Subscribe to AlYunaniya - Greece and the Arab World by Email
  • Contact the Editor and tell us what you think about AlYunaniya.com…

  • Advertise with Alyunaniya.com… contact us with your request

  • Follow us on FACEBOOK and TWITTER; talk about it…

Posted on: April 29th, 2013 by AlYunaniya Staff No Comments

Greece passes omnibus bill; 2000 civil servants to lose job by end of May


photo: ND flickr

Related Stories

The Greek parliament passed on Sunday a bill that will see 2,000 civil servants lose their jobs by the end of May as a condition to receive about 8.8bn euros of rescue loans from the European Union and the International Monetary Fund.

The omnibus bill was passed by 168-123 vote on Sunday night, with the support of the three parties comprising Greece’s ruling coalition.

About 2,000 civil servants will be laid off by the end of May, another 2,000 by the end of the year and 11,500 by the end-2014, a total of 15,500.

The measures in the bill had been settled with the troika earlier this month. Greece had to adopt them to qualify to receive its next tranche of loans worth 8.8bn euros.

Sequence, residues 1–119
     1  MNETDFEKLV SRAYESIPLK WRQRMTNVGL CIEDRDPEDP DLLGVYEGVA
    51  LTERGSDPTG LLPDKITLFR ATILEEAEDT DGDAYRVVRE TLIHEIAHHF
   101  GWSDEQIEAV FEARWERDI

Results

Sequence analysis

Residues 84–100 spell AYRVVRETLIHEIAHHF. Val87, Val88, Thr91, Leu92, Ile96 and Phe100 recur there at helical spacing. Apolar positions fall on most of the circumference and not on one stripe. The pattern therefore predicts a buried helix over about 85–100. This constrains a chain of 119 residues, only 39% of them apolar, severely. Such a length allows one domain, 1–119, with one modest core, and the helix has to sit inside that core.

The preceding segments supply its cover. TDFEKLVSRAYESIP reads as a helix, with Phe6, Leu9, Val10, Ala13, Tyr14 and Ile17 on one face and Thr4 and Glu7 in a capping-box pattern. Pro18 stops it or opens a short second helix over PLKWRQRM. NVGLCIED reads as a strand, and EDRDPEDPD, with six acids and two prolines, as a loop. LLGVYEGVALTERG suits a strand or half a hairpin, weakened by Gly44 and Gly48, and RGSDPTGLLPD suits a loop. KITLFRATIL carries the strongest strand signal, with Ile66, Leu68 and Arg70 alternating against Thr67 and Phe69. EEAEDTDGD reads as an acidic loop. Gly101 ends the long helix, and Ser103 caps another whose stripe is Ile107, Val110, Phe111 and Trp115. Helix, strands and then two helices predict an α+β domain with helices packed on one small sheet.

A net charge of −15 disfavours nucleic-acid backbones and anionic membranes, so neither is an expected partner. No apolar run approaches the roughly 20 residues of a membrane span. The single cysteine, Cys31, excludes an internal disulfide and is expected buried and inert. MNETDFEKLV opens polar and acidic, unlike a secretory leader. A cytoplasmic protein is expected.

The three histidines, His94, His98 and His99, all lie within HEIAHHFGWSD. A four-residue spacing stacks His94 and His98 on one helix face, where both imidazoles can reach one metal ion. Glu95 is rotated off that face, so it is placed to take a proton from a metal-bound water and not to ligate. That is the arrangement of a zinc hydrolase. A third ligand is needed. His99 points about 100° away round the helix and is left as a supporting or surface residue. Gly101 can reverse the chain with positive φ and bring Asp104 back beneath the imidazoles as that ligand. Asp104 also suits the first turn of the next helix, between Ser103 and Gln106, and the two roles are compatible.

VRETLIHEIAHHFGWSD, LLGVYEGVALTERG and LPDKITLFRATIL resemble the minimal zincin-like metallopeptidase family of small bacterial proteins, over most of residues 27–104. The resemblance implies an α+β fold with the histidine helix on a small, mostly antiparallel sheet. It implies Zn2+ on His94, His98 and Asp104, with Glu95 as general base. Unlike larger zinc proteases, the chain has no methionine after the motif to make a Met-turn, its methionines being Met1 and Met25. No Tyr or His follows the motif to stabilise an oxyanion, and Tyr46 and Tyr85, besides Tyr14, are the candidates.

The legislation included other reforms, such as the number of installments debtors to the state will have to pay the tax and social security contributions they owed, according to eKathimerini.

Athens now expects to receive 8.8 billion euros by mid-May.

Eurozone officials will now meet on Monday to approve the release of 2.8bn euros, Finance Minister Yannis Stournaras said, according to Reuters news agency. Eurozone finance ministers will then meet on May 13 to release a further 6bn euro installment, he added.

Although the number of public sector employees has fallen steadily since the start of the crisis, this is the first time that the government will directly dismiss bureaucrats, eKathimerini writes. They will, however, be replaced by new hires.

Greeks protested in front of the parliament against the government’s plan to lay off thousands of public-sector workers in advance of the voting.



AlYunaniya encourages comments, providing you use a valid e-mail address, even when you log in via Facebook or Twitter. So, the first time you post a comment, you will receive an e-mail asking you to verify your e-mail address for your comment to be published.

Connect with Facebook